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Boozman touts Senate passage of two bills supporting women veterans’ health

PRESS RELEASE

WASHINGTON  The U.S. Senate unanimously approved a pair of legislative initiatives championed by Senate Veterans’ Affairs Committee senior member U.S. Senator John Boozman (R-AR) to modernize breast cancer screening policies and the delivery of lifesaving care for women veterans.

The Senate passed the Dr. Kate Hendricks Thomas Supporting Expanded Review for Veterans in Combat Environments (SERVICE) Act on Thursday afternoon. This legislation would require the Department of Veterans Affairs (VA) to conduct mammograms for all women who served in areas associated with burn pits and other toxic exposures regardless of age, symptoms or family history.

Also approved this week was the Making Advances in Mammography and Medical Options (MAMMO) for Veterans Act whichwould require the VA develop a strategic plan to improve breast imaging services, create a telemammography pilot program for veterans in areas where VA does not offer in-house mammography, and expand veterans’ access to clinical trials through partnerships with the National Cancer Institute.

“Early detection and treatment are key in the fight against breast cancer. Given the additional risk factors associated with toxic exposure, which we know has occurred in recent combat settings, the VA must update its policies so vulnerable veterans can receive mammograms. Taking full advantage of the VA’s unique capabilities and resources will help ensure they get the best care available. I’m pleased the Senate has taken this important step and I urge my colleagues in the House of Representatives to follow our example and quickly approve these bills so they can be signed into law,” Boozman said.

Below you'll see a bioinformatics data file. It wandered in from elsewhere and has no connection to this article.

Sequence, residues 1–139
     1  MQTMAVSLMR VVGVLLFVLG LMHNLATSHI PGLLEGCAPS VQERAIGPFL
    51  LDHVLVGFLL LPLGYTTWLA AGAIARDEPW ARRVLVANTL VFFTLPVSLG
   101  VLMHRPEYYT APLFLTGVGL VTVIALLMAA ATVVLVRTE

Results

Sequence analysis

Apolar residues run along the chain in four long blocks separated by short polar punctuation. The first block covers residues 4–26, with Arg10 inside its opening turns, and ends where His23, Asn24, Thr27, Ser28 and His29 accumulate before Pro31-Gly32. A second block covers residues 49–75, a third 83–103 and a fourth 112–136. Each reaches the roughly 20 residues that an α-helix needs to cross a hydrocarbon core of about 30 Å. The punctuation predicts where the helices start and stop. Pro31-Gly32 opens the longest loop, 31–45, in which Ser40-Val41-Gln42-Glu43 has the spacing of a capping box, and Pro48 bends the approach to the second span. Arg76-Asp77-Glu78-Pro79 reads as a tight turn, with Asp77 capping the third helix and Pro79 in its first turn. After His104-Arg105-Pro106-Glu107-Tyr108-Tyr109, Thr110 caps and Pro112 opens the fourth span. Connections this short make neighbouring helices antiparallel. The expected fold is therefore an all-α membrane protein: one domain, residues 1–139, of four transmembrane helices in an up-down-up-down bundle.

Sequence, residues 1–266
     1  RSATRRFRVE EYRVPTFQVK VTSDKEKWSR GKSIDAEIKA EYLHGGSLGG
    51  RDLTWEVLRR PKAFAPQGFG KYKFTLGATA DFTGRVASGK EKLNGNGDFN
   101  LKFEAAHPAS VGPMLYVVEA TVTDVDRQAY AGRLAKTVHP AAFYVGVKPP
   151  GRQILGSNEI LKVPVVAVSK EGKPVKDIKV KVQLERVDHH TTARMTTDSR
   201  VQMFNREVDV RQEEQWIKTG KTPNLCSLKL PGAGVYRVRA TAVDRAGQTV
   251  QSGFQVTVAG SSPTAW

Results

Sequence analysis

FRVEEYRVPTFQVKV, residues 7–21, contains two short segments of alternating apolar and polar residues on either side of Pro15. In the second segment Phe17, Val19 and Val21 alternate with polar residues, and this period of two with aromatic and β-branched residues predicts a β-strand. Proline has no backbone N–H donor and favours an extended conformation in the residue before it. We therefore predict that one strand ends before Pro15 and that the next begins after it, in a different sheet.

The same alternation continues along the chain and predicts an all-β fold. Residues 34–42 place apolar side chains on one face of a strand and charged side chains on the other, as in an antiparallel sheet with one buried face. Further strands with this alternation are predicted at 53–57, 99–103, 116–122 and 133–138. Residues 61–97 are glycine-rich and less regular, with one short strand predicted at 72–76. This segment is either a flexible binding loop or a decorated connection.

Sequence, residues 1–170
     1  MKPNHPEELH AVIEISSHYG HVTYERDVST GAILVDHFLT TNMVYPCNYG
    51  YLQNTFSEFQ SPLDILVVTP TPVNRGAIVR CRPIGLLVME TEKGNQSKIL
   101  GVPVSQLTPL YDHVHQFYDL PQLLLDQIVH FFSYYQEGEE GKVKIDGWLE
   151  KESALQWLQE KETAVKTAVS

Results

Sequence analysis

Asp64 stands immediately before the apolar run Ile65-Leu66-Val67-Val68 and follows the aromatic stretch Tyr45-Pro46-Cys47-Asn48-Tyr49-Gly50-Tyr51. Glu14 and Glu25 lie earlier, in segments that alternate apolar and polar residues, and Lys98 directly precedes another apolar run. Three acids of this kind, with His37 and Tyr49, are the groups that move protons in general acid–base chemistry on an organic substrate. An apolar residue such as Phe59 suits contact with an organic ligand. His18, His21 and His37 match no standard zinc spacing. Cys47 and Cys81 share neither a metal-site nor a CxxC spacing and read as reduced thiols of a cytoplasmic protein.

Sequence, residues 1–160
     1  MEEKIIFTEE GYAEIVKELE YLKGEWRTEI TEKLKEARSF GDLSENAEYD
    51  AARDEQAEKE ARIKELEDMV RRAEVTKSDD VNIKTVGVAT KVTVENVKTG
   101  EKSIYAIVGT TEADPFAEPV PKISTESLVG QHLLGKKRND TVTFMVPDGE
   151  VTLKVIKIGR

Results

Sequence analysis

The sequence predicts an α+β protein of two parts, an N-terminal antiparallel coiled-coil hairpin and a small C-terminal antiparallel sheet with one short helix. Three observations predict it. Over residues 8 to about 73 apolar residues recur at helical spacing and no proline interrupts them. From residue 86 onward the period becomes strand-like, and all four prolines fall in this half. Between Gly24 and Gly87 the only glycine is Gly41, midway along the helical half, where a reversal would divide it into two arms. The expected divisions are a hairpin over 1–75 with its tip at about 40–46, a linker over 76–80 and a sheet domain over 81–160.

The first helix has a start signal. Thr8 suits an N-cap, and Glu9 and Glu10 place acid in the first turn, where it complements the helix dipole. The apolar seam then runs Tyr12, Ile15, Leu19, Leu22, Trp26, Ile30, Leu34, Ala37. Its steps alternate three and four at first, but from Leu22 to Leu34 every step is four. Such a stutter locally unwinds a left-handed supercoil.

Boozman authored the Dr. Kate Hendricks Thomas SERVICE Act. The legislation is named in honor of Dr. Kate Hendricks Thomas, a Marine veteran and public health professional who was unaware of her increased risk for breast cancer as a result of her deployment to Iraq. During a routine medical exam in 2018 she was advised to undergo a mammogram and was then diagnosed with stage 4 breast cancer at the age of 38.

“I could have used that information much earlier than I acquired it. We should be telling military women these things and arranging the standard of care for preventive medicine around these increased odds ratios. Put simply, I needed that mammogram sooner,” Dr. Thomas shared with the Senate Committee on Veterans’ Affairs in written testimony last summer in support of the legislation.

Passage of these bipartisan bills continues Boozman’s commitment to improving VA care and services for women. Last Congress, the senator led the successful passage of the Deborah Sampson Act, a bipartisan initiative to eliminate barriers to care and services many women face when accessing VA benefits. The landmark bill was signed into law by President Trump in January 2021.

The Dr. Kate Hendricks Thomas SERVICE Act and MAMMO for Veterans Act now move to the U.S. House of Representatives for consideration.

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